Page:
1. Always in these discussions, let's start with Howard Zinn, who said, "It matters less who is sitting in the White House. It matters who is sitting in." If you believed that Hillary Clinton was going to deliver this progressive agenda independent of struggle, you would have been terribly disappointed. Our tasks are, in many respects, exactly what they were: to fight for what we believe in as progressives, as radicals and as socialists.
2. The Republican Party won this election precisely because they are such a hot mess and the Democratic Party is not. The Republicans had "the privilege of backwardness." They were such a disorganized clusterfuck that they nominated a racist, sexist nativist who railed against every trade deal and against the corruption of Washington, D.C.
The party of "family values" nominated an epic scumbag. The party of "the troops" nominated someone who didn't know what a "gold star family" was and mocked POW John McCain. The party of free trade nominated someone who thinks trade deals should be burned. And they were aghast but had no mechanism to stop him.
What Trump saw--either instinctively or not--was that the fundamental dynamic of this election is that eight years of Obama have produced massive gains for Wall Street and massively little trickle down to the rest of this country. There was anger, and anyone willing to amplify that anger toward Wall Street, toward immigrants, toward women, toward "the Blacks" would go far.
3. Hillary Clinton could not credibly make that argument because she ran on being "third-term Obama," and also because quite simply, she doesn't believe it. She is the senator of Goldman Sachs.
And here is where we get to the tragedy of this election, and people aren't going to want to hear it, but it's the truth. The Democrats had the antidote for Trump in their back pocket: Bernie Sanders. Bernie would have crushed Trump. Crushed. He would have crushed Trump because his message would have been the same anti-establishment, anti-Wall Street energy, but without the bigotry.
If he had run, all those rural areas that came out for Trump in massive numbers would have split the way they were split in 2008 when--frustrated with Washington--they voted for another outsider named Barack Obama. But the Democratic Party establishment crushed Bernie for having the temerity to challenge Hillary. That's on them.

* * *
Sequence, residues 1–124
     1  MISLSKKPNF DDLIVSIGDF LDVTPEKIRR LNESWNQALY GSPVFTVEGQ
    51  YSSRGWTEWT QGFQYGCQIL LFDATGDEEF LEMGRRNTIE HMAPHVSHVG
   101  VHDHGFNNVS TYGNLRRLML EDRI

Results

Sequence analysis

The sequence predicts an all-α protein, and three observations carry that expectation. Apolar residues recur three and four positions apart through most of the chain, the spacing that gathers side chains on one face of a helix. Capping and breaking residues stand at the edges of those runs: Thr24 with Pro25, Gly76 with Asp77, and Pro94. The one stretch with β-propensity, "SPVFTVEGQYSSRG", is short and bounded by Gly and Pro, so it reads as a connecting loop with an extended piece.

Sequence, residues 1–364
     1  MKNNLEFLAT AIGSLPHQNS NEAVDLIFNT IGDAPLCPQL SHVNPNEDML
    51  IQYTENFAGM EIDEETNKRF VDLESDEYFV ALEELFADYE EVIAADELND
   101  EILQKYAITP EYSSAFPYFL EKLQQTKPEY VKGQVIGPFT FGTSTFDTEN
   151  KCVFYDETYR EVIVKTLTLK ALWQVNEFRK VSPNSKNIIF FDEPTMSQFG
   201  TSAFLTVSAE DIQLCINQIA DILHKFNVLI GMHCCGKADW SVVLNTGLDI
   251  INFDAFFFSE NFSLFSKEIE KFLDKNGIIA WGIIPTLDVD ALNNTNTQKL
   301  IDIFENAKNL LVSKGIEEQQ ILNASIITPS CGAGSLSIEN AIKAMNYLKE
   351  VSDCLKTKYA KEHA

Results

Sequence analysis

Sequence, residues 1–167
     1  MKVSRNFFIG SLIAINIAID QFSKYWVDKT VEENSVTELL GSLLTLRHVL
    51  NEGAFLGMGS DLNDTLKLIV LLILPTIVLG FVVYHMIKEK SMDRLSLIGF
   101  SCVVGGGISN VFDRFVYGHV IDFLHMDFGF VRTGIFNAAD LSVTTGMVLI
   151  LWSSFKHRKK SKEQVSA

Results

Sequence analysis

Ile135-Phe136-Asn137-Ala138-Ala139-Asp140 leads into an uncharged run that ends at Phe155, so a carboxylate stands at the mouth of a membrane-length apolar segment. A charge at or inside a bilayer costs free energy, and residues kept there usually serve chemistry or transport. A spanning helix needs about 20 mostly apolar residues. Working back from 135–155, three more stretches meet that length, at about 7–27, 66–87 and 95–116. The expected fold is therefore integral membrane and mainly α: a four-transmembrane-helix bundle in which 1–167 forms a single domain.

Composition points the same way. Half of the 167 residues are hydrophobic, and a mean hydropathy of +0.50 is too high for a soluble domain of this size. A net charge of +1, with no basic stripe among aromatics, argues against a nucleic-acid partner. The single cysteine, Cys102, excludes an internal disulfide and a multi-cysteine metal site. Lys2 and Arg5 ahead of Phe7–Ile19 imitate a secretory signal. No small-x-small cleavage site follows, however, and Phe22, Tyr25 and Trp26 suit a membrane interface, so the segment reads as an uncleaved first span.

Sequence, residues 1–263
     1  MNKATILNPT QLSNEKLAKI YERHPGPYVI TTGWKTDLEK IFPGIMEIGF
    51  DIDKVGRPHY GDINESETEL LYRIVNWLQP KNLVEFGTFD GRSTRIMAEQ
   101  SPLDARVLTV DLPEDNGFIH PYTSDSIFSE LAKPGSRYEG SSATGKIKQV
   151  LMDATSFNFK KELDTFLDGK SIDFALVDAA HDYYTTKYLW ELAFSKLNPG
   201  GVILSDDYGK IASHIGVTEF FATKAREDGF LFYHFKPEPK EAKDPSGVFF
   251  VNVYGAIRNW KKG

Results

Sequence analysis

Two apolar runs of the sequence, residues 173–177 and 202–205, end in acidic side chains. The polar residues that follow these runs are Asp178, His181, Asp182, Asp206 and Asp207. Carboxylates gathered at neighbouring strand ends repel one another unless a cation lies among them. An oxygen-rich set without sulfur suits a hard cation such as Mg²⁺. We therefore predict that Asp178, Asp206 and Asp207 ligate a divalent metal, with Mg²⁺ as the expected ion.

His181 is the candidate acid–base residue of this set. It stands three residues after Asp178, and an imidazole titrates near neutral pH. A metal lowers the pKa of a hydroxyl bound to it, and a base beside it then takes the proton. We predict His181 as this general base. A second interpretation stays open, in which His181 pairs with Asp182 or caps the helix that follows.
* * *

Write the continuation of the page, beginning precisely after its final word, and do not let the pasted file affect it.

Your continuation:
4. Yes, so much of Trump's win was animated by sexism, racism, bigotry, even a love of fascism, and we are all feeling that. The KKK is happy, and that is devastating. But if we are talking about all 60 million Trump voters, it's simply more complicated than to say they're all bigots.
There is an expression going around that everyone who is a bigot voted for Trump, but not everyone who voted for Trump was a bigot. I agree with that, and I want to share something about my best friend on earth.
Best friends since we were six. Wife is Black. Has a biracial daughter. Obama voter. He moved out of New York City to live in Central Florida. He marched every year in the Labor Day parade with his union parents, and he fought the cops after Abner Louima was brutalized by New York's finest.
He voted for Donald Trump. He didn't do it because he liked Trump. He did it because partly he is isolated. He also, alone and trying to figure out this political situation by himself, found Hillary Clinton and the Clinton family so unrepentantly disgusting that voting Trump was his version of lesser evilism.
I'm horrified that he pulled the lever for that dime-store fascist. But I also will continue to talk to him and frankly empathize with why he found the Clinton family so utterly remote from his life, and why he--an enthusiastic Obama voter in 2008--found himself feeling so left behind.
That's on me for letting him get that isolated. It's on us to turn this situation around, and we don't have to wait four years. That starts today. (Okay, maybe tomorrow.)
Author of The Democrats: A Critical History
TO PROCESS the disaster that took place on November 8, it's helpful to look at some of the major facts about the election.
The first thing to note is that Hillary Clinton actually won more votes than Donald Trump--around 200,000 as of the end of Wednesday. When you include the votes for third-party candidates Gary Johnson and Jill Stein, it's clear that more people voted against Trump than for him.
But of course, the Electoral College--that relic of the 18th century slave power--put Trump in the White House. For the second time in the last five national elections, the person who received the most votes didn't become president. So much for the "world's greatest democracy"!
While the votes are still being tallied, it's clear that the overall turnout declined from 2012, when about 129 million people voted. The number in 2016 is likely to be around 123 million. In fact, it appears that both Clinton and Trump are going to wind up with about the same, or fewer, votes than the losers of the 2008 and 2012 presidential elections received.